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Scientists supercharge search for key ingredient of next-gen lithium batteries

Scientists in Melbourne have used supercomputers to speed up the search for a key ingredient in the next generation of lithium-metal batteries, which could potentially increase storage capacity by 10-fold compared with today’s technology.

The team led by RMIT University, in collaboration with CSIRO, say the work could benefit the development of batteries that allow electric vehicles to drive further and phones to last longer with a single charge.

Senior lead researcher Professor Michelle Spencer from RMIT said the team used supercomputers to develop an ultra-fast way to screen hundreds of potential molecules that could make suitable electrolytes for lithium-metal batteries.

“This work could benefit anyone wanting to use electronic devices, such as mobile phones and laptops, or electrified transportation like electric cars and future electric planes for commercial air travel,” said Spencer, a Professor of Chemistry and the Deputy Director of the STEM Centre for Digital Innovation.

“Our work is only a small component of the large body of work being done in the rechargeable battery space, and electric flight for large-scale domestic and international travel is still a long way off.”

Despite rapid advancements this type of battery still faces several challenges related to the stability of the electrolyte, Spencer said.

“The formulation of electrolytes and the nature of their individual components are critical to the ultimate success of this exciting battery technology,” she said.

“Organic-based electrolytes used in lithium-ion batteries are not compatible with batteries using lithium-metal as the anode, as they tend to decompose when exposed to the metal.”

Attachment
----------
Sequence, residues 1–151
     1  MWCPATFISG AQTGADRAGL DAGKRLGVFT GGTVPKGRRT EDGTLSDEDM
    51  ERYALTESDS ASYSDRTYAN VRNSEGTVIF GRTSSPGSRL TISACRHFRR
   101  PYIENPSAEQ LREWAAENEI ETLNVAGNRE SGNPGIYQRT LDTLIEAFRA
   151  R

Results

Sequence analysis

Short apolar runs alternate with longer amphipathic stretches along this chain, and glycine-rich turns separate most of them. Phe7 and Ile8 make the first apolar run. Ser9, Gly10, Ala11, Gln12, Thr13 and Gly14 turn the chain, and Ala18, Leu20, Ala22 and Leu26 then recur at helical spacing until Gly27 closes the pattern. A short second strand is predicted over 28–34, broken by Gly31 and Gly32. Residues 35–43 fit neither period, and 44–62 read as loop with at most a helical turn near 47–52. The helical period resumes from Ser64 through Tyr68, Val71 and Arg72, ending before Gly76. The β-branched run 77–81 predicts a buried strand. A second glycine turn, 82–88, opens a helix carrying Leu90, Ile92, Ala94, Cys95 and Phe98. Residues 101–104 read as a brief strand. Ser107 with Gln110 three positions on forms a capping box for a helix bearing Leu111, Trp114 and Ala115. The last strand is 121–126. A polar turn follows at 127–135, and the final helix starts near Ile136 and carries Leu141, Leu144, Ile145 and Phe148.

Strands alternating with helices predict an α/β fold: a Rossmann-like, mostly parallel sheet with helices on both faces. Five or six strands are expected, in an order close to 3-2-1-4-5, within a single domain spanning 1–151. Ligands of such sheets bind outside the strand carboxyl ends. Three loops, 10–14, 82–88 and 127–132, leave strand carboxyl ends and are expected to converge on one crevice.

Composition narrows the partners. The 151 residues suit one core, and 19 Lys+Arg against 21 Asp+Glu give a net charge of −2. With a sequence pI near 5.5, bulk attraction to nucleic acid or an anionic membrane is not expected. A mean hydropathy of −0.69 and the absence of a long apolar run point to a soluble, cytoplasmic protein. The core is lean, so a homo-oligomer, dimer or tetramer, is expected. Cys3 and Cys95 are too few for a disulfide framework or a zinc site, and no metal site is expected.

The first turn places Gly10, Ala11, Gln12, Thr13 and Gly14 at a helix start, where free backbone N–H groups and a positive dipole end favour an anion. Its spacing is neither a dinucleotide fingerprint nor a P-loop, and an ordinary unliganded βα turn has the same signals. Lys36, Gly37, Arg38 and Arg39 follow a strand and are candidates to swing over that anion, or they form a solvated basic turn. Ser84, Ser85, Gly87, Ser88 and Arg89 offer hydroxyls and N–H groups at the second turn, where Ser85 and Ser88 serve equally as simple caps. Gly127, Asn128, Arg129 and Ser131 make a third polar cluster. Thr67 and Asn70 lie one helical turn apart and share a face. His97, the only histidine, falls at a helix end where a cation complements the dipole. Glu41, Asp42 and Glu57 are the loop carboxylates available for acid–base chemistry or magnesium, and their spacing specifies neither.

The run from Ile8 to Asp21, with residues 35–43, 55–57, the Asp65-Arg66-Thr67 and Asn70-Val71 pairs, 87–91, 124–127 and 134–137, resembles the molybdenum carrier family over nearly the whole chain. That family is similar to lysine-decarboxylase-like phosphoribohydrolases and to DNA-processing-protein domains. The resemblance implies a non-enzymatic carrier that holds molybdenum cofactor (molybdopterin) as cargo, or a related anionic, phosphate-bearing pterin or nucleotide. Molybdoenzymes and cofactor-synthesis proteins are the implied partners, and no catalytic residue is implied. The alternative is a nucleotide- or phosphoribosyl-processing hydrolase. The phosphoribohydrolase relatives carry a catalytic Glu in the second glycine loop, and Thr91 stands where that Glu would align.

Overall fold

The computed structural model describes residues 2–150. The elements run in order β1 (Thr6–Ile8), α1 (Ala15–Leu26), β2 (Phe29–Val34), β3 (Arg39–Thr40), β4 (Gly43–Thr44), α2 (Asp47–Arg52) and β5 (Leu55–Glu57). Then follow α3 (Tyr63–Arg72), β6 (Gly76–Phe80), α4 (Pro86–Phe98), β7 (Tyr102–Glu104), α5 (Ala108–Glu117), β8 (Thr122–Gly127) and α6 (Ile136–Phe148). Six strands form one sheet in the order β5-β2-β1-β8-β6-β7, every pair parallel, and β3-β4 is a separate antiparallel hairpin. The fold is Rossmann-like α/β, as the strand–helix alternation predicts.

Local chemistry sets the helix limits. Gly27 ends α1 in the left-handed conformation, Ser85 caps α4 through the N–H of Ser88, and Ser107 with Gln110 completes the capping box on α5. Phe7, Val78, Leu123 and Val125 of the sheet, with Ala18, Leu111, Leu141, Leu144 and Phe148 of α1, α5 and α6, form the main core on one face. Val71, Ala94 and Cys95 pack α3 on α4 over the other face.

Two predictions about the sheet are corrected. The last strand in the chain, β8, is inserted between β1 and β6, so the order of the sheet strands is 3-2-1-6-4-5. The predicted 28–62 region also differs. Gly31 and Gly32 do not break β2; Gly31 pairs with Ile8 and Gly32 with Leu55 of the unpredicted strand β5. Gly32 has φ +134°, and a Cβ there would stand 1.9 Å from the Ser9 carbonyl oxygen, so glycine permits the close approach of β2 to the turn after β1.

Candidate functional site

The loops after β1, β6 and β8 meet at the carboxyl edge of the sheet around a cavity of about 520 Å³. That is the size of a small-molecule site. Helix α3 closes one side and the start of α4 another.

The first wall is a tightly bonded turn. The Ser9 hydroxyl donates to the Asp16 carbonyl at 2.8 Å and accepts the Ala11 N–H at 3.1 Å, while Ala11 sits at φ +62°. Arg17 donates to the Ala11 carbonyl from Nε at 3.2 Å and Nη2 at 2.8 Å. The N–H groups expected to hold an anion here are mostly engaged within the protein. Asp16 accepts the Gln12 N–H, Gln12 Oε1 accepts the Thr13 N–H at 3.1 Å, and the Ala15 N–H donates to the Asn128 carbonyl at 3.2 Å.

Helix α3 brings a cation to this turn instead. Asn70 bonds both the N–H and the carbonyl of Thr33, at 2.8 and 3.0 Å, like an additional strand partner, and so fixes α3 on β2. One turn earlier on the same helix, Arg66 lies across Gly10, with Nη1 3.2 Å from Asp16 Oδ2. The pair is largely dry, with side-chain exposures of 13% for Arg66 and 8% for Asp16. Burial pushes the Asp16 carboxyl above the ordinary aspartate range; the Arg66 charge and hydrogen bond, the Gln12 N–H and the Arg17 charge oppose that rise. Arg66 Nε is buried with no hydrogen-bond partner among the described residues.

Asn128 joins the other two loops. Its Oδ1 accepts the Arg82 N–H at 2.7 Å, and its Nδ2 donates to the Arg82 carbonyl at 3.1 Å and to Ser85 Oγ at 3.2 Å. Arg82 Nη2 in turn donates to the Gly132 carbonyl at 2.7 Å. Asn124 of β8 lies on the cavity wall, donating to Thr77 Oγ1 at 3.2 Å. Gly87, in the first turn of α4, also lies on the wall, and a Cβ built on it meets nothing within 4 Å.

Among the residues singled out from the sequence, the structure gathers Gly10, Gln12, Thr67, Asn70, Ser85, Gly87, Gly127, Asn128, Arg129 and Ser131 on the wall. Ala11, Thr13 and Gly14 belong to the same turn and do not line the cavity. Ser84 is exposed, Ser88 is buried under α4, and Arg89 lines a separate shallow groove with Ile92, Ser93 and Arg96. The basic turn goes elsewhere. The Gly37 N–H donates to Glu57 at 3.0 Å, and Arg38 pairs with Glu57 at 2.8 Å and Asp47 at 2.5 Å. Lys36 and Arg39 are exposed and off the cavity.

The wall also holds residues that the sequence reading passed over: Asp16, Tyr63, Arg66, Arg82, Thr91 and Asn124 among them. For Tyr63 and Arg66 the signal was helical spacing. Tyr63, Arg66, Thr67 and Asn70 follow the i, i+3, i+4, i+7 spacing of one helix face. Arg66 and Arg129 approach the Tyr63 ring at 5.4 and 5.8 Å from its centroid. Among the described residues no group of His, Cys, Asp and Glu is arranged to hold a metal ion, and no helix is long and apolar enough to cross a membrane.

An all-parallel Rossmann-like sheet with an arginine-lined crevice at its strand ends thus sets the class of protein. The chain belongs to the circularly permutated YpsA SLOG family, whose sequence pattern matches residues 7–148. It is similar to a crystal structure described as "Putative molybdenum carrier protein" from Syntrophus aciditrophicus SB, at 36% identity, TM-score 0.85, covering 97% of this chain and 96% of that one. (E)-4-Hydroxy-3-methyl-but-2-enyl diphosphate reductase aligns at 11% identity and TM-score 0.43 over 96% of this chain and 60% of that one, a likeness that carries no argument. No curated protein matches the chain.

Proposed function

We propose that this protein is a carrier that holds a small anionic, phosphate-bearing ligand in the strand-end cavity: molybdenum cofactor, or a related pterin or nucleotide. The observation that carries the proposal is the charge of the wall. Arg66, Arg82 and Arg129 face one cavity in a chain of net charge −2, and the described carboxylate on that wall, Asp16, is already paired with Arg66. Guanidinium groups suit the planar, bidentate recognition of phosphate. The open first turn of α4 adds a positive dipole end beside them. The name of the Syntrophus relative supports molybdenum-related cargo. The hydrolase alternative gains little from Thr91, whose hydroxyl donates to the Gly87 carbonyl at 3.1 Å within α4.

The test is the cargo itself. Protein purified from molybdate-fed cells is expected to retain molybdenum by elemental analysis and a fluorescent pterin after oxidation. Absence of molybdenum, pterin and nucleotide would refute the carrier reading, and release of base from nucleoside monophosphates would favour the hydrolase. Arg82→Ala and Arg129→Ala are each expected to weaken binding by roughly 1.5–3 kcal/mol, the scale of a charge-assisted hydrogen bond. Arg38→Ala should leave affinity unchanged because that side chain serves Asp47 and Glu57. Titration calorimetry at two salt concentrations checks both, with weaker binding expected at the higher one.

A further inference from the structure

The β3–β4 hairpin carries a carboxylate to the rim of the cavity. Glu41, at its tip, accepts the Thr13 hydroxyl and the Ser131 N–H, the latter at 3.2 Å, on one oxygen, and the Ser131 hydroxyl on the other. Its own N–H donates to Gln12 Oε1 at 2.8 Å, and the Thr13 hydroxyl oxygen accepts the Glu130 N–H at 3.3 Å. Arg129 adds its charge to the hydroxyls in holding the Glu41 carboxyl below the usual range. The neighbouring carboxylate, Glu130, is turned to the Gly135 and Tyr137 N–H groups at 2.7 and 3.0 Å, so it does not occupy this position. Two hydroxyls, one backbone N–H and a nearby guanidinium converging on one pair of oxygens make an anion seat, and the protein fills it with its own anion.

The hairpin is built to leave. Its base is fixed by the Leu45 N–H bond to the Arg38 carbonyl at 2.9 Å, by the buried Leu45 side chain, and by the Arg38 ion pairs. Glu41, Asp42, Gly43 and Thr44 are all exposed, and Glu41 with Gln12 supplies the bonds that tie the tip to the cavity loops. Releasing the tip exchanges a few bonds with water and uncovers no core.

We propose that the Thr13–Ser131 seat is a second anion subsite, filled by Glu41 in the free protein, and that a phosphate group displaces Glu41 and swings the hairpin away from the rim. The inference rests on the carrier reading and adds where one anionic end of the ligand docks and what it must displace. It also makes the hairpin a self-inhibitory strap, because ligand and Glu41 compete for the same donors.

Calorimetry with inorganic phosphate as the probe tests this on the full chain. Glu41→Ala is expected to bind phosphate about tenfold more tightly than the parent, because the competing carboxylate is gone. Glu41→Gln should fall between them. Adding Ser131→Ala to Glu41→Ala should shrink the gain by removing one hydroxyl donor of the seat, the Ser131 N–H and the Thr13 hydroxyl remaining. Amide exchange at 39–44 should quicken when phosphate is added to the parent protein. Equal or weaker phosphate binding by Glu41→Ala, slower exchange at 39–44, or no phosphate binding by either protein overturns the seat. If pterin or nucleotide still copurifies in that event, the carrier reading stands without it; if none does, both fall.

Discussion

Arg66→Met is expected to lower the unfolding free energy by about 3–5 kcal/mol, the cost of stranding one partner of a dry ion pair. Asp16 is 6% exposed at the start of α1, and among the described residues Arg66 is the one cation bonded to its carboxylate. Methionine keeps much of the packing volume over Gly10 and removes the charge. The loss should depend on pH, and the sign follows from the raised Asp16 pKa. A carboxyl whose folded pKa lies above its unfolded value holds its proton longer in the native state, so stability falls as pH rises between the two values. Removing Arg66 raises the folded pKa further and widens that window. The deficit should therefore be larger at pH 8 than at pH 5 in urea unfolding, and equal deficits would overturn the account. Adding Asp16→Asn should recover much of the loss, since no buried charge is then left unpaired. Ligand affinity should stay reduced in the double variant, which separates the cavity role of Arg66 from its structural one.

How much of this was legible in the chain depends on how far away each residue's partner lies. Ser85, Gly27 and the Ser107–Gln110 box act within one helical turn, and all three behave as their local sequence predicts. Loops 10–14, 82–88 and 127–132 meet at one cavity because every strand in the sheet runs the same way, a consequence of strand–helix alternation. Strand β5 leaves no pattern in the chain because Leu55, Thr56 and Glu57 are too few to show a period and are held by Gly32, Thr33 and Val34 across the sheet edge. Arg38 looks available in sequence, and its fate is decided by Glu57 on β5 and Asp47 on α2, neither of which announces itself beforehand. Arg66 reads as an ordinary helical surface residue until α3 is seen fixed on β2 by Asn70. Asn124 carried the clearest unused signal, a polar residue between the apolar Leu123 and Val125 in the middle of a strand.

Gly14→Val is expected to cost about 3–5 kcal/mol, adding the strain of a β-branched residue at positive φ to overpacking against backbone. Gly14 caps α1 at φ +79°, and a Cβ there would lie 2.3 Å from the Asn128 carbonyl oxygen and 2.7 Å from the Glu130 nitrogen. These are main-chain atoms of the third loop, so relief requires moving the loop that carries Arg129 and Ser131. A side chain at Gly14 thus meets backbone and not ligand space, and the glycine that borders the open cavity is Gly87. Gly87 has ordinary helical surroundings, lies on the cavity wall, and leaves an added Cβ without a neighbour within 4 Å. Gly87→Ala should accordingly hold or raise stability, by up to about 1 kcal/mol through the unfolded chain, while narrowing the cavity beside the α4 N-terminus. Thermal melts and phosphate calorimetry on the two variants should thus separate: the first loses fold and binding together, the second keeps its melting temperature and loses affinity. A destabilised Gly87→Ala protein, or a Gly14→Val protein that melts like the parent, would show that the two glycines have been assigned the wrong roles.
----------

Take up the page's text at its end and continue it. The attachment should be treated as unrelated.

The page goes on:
The research, which also involved RMIT PhD scholar Dale Osborne and CSIRO scientists Dr Michael Breedon and Dr Thomas Rüther, is published in the Journal of Materials Chemistry A.

“The team can identify specific features or molecules that might perform better and recommend them to experimental groups to test in the lab,” Osborne said.

“We are able to calculate how modifying the chemical structure of the electrolyte molecules in a battery can ultimately increase the effective capacity of lithium-based batteries.”

Osborne said the team can provide key information for reducing research time and costs, beneficial for progressing battery technologies in shorter timeframes.

“The computational approach we’ve developed dramatically speeds up the screening process, which would traditionally be prohibitively expensive and time consuming if each candidate molecule were to be experimentally synthesised and tested in the lab,” he said.

Next steps
The team is investigating further modifications of the electrolyte molecules that might widen their electrochemical stability, pushing the boundaries of battery storage capacity.

“We are also investigating modifications to lithium-air battery chemistry, which are still in the developmental phase, but could be even lighter and suitable for cutting-edge applications such as electric flight,” Spencer said.

The researchers use supercomputing facilities at the National Computational Infrastructure (NCI) Facility in Canberra and the Pawsey Supercomputing Centre in Western Australia.

“We are also using RMIT’s RACE Hub to analyse our data and produce high-resolution animations that help us to interpret our data and communicate our research findings,” Spencer said.

RMIT is collaborating with Amazon Web Services (AWS) and AARNet to be the first Australian university to implement a dedicated commercial cloud supercomputing facility. Known as RACE Hub, it is enabling true scalable and elastic high-powered computing to support digital innovation.

‘Towards higher electrochemical stability of electrolytes: lithium salt design through in silico screening’ is published in the Journal of Materials Chemistry A (DOI: 10.1039/D2TA01259F).”

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